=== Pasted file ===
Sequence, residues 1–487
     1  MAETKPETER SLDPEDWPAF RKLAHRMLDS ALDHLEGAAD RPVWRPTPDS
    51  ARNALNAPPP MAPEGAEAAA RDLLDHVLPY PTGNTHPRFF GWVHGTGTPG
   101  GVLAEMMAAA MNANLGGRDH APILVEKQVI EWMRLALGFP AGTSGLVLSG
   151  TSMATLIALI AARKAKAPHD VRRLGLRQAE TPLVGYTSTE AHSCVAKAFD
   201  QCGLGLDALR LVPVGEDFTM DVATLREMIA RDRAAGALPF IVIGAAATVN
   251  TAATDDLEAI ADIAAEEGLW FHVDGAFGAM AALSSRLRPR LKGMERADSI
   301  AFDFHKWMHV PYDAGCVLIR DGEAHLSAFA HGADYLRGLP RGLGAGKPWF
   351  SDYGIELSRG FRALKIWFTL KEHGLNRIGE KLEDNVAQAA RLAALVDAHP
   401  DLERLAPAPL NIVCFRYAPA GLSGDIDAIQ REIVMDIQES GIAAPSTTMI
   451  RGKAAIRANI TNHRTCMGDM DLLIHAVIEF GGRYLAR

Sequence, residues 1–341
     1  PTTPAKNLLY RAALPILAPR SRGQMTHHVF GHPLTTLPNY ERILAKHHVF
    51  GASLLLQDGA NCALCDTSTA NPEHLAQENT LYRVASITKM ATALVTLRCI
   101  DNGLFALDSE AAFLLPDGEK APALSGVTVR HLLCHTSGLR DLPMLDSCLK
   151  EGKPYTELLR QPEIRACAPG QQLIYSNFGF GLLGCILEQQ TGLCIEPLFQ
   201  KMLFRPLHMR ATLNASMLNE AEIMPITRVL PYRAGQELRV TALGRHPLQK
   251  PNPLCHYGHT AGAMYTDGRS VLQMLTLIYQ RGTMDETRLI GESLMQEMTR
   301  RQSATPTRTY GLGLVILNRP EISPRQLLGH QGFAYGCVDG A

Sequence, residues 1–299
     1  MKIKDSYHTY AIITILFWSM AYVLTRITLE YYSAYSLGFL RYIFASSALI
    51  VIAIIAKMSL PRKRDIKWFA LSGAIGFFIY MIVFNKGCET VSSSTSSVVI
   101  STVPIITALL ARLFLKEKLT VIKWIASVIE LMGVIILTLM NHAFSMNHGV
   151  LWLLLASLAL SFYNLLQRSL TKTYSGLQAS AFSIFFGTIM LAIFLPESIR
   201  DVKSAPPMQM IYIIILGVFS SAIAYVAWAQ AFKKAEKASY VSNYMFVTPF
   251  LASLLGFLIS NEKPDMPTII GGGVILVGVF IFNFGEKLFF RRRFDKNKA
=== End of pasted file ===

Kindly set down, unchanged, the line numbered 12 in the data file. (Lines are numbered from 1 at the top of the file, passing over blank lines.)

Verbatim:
Sequence, residues 1–341